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Monobloc and Facial Bipartition Osteotomies for Reconstruction of Craniofacial Malformations: A Study of Extradural Dead Space and Morbidity.

Posnick, Jeffrey C. D.M.D., M.D., F.R.C.S.(C), F.A.C.S.; AI-Qattan, Mohammed M. M.B., B.S., F.R.C.S.(C); Armstrong, Derek F.R.C.P.(C)

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Abstract

: This study evaluated the presence of extradural dead space following a monobloc or facial bipartition osteotomy and examined its natural history and relationship to postoperative infection and the presence of a ventriculoperitoneal shunt at the time of osteotomy in a consecutive series of patients with craniofacial dysostosis, frontonasal dysplasia, midline cranio-orbital clefts, and orbital hypertelorism. Only patients followed for at least 1 year were included in the study (range 1.3 to 5.5 years). The 23 patients studied were divided into three groups: 10 patients (mean age 9 years) underwent a monobloc osteotomy with advancement, 7 (mean age 8 years) a facial bipartition osteotomy with advancement, and 6 (mean age 7 years) a facial bipartition osteotomy without advancement. Standard craniofacial computed tomographic (CT) scans were obtained for each patient early after surgery (within 2 weeks in 13 patients and at 6 to 8 weeks in 10 patients) and again 1 year after surgery in every case. The extradural dead space was measured from a reproducible axial CT scan slice for each patient at each postoperative interval. An initial dead space was documented in the retrofrontal region of the anterior cranial fossa when the reconstruction incorporated forward projection of the osteotomy parts. This space was found to be obliterated by the expanded brain by 6 to 8 weeks in the patients examined by CT scan at this interval (n = 10) and by 1 year in all patients. Perioperative complications also were documented. The presence of a ventriculoperitoneal shunt at the time of osteotomy (7 of 23 patients) did not increase the risk of complications or alter the pattern of dead space closure after operation. Two patients developed infectious complications that were managed without long-term consequences. (Plast. Reconstr. Surg. 97: 1118, 1996.)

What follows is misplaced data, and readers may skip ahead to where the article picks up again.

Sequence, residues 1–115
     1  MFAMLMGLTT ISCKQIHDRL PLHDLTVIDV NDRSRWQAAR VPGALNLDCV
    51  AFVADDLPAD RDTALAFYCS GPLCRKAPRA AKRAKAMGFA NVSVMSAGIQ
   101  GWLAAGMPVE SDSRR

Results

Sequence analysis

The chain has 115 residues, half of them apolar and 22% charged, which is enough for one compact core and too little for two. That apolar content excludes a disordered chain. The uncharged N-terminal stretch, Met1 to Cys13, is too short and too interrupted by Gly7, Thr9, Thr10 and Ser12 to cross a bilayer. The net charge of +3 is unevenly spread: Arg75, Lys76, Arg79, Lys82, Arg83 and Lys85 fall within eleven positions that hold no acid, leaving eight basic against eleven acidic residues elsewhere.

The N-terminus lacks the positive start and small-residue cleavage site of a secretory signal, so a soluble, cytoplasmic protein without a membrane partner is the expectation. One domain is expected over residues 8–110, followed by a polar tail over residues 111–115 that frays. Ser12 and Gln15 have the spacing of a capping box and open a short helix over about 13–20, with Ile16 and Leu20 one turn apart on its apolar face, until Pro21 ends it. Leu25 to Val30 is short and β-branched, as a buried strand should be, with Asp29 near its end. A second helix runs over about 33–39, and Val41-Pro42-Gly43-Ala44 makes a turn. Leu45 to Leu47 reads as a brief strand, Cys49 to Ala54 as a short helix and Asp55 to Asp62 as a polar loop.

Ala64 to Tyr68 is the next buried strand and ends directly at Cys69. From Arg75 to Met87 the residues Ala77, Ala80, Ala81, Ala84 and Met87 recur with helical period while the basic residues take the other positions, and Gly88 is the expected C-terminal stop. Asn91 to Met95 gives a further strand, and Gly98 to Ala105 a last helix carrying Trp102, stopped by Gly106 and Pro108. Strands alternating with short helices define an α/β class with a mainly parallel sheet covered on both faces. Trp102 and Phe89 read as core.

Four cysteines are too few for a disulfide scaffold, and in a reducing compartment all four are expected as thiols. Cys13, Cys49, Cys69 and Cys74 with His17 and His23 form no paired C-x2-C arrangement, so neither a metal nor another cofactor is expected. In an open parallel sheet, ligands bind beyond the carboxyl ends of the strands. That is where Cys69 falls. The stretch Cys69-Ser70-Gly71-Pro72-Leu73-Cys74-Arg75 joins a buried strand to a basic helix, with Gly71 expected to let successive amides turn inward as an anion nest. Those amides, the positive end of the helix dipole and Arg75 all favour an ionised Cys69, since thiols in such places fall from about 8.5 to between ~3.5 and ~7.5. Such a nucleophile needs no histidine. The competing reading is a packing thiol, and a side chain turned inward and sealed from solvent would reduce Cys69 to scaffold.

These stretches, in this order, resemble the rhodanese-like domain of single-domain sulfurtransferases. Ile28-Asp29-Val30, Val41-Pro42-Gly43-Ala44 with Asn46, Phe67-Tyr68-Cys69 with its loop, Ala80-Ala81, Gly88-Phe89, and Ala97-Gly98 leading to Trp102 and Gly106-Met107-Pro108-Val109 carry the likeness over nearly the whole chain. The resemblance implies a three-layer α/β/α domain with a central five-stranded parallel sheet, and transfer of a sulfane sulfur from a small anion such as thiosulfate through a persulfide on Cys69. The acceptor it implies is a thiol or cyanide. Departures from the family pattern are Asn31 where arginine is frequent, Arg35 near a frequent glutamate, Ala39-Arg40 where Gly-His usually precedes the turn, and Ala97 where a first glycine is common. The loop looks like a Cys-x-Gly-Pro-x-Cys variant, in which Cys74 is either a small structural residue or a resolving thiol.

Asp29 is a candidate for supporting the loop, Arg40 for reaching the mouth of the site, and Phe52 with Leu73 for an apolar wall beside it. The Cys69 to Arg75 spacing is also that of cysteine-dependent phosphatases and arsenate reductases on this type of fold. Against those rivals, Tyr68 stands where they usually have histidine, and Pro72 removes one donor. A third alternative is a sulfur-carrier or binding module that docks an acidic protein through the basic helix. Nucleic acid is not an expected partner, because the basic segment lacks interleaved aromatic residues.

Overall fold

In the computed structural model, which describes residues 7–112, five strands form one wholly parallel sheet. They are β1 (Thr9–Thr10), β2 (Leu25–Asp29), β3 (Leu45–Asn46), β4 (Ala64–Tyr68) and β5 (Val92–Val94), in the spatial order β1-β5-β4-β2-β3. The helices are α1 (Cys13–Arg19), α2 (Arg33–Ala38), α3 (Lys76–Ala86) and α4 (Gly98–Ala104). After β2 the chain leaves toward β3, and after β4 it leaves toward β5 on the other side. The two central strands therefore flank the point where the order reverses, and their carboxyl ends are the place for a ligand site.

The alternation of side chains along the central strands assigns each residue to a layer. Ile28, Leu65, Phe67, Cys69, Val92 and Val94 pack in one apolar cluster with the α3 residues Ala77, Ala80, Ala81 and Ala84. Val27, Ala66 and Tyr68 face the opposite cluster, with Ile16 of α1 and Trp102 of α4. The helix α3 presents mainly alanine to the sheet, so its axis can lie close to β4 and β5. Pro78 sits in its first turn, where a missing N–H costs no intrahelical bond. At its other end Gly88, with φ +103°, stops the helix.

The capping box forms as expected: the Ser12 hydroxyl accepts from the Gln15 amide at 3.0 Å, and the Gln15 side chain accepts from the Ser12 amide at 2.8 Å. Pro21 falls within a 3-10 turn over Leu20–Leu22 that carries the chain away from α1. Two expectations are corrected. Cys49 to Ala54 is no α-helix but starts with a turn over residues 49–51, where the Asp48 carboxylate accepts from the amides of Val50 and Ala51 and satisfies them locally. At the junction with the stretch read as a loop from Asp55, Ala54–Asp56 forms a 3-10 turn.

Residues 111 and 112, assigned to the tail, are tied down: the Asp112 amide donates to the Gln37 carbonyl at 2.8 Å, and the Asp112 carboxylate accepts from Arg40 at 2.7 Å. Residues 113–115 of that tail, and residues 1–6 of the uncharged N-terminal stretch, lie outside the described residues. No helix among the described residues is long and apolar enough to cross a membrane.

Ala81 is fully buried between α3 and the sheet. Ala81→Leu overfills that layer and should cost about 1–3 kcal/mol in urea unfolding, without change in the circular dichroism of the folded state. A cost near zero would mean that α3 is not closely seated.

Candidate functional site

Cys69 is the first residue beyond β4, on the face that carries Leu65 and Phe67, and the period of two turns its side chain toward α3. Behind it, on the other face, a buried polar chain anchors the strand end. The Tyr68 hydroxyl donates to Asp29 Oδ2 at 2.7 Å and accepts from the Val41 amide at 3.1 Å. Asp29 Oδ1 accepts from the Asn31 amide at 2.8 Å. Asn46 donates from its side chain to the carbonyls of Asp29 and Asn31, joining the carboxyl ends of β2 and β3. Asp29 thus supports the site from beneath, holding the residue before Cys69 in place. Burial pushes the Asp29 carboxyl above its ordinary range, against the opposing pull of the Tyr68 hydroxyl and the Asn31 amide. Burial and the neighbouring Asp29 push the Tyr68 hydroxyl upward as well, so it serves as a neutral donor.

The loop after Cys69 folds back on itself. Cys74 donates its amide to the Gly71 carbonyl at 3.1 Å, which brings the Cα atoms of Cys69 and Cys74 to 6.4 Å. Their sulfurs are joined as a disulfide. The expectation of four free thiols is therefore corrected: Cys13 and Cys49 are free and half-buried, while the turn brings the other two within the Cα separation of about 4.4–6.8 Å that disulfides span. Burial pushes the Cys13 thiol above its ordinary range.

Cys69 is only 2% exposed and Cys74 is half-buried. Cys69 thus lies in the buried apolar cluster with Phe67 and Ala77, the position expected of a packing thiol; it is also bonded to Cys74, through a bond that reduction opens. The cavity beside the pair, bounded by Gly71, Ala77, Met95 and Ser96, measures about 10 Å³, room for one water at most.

(C)1996American Society of Plastic Surgeons

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